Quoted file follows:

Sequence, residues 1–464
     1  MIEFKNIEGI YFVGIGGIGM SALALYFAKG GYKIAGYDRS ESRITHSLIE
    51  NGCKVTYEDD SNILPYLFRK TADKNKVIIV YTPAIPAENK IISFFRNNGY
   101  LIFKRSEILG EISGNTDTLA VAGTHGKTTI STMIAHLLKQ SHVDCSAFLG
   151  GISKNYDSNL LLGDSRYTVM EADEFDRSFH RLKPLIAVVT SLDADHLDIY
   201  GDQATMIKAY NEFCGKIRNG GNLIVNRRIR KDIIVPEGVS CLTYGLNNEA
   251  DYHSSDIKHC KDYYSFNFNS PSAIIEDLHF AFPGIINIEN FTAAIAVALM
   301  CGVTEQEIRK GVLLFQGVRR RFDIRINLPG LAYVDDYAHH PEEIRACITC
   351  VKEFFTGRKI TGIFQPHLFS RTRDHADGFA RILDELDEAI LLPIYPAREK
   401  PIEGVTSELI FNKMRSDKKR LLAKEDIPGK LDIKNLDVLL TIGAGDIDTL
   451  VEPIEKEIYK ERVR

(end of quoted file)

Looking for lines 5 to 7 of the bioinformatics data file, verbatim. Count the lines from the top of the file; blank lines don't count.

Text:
   151  GISKNYDSNL LLGDSRYTVM EADEFDRSFH RLKPLIAVVT SLDADHLDIY
   201  GDQATMIKAY NEFCGKIRNG GNLIVNRRIR KDIIVPEGVS CLTYGLNNEA
   251  DYHSSDIKHC KDYYSFNFNS PSAIIEDLHF AFPGIINIEN FTAAIAVALM